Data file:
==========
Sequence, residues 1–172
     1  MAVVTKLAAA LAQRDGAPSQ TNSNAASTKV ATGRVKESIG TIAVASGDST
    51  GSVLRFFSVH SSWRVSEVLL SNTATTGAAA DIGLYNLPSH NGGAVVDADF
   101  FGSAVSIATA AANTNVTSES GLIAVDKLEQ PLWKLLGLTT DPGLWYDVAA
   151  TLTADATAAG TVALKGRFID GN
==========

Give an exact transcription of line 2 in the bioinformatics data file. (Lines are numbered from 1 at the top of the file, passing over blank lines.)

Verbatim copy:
     1  MAVVTKLAAA LAQRDGAPSQ TNSNAASTKV ATGRVKESIG TIAVASGDST